Based on long-term medical anthropological research in northern Ghana, the author analyses issues of health and healing, of gender, and of the control and use of money in a changing rural African setting. He describes the culture of medical pluralism, so typical for neo-colonial states, and people's choices of "traditional" (local) medicine (plants and sacrifices), Islamic medicine (charms and various written solutions) and "modern" therapy (biomedicine, in particular western pharmaceuticals). He concludes that the rural-urban divide is a fiction, that demarcations between these areas are frequently blurred, linked by a postcolonial, capitalist discourse of local markets, regional economies and national structures, which frequently emerge in local African settings but often originate in global and multinational markets.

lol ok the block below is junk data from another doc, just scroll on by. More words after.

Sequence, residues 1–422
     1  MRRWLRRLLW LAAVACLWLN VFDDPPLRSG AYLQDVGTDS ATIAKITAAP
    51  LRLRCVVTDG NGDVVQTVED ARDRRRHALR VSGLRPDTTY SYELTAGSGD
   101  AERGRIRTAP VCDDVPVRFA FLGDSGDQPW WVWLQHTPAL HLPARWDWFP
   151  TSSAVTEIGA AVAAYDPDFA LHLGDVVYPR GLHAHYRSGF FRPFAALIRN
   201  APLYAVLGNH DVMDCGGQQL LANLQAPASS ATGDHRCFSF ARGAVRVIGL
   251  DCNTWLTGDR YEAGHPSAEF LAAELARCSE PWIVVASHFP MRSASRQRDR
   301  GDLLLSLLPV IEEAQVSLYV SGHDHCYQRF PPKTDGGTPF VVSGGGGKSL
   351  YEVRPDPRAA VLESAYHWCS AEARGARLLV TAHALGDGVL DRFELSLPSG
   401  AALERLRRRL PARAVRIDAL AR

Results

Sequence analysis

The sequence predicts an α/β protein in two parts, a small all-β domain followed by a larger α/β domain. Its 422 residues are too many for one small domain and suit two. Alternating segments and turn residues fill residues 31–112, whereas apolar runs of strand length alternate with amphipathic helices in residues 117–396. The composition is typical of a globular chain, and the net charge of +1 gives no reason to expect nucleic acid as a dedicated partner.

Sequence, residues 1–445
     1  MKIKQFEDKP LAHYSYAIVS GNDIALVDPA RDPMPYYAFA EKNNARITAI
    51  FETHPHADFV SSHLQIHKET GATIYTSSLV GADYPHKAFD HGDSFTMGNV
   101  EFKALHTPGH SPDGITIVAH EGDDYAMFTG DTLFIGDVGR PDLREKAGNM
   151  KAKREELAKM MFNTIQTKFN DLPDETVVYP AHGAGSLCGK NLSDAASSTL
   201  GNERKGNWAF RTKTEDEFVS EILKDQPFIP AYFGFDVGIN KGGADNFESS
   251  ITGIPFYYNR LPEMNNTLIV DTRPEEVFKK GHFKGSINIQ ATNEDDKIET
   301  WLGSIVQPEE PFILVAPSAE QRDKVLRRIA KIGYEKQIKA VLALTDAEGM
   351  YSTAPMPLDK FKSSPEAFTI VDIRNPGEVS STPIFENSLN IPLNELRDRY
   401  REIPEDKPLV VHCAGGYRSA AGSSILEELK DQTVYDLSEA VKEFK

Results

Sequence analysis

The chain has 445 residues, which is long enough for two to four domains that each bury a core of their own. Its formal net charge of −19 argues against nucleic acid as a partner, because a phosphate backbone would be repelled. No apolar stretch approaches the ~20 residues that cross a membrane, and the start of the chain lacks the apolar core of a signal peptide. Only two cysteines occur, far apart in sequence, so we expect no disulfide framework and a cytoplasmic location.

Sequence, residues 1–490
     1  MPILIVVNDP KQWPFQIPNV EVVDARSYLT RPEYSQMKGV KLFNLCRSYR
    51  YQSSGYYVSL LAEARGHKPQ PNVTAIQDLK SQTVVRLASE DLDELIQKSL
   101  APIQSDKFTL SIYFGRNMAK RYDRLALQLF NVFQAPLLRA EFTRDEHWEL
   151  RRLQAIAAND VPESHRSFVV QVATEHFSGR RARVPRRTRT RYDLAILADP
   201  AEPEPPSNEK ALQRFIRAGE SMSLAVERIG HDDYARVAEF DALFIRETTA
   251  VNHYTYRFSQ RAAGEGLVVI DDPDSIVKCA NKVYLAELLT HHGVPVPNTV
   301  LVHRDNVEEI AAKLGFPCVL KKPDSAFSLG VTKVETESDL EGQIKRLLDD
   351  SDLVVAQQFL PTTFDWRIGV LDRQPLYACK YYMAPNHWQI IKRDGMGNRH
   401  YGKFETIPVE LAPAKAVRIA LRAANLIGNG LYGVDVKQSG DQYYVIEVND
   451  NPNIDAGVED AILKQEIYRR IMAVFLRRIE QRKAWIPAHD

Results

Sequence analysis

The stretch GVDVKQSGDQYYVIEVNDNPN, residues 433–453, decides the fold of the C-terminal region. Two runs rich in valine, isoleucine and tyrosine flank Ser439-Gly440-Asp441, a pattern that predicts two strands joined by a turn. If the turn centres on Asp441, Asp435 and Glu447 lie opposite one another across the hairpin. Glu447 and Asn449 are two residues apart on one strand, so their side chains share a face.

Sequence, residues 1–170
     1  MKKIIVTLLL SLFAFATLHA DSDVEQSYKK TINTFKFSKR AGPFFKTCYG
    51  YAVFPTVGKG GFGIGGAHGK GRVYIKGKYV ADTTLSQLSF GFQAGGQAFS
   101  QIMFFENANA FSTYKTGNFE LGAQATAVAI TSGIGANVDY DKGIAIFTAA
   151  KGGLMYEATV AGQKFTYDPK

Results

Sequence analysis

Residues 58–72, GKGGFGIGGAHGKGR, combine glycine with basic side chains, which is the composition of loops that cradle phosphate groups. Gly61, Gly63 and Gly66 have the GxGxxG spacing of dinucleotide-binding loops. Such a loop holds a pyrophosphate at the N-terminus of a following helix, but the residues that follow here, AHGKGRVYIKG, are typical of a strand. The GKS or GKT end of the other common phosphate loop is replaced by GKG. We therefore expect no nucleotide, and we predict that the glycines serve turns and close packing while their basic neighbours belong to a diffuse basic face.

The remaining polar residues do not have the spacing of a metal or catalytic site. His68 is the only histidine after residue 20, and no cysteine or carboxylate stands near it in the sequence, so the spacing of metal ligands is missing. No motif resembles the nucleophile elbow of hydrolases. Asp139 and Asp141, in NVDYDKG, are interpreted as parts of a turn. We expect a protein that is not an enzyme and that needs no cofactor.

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|Size: ||3.7 MB|
|Publisher: ||Berghahn Books|
|Date published: || 2007|
|ISBN: ||9781782388739 (DRM-PDF)|
|Read Aloud: ||not allowed|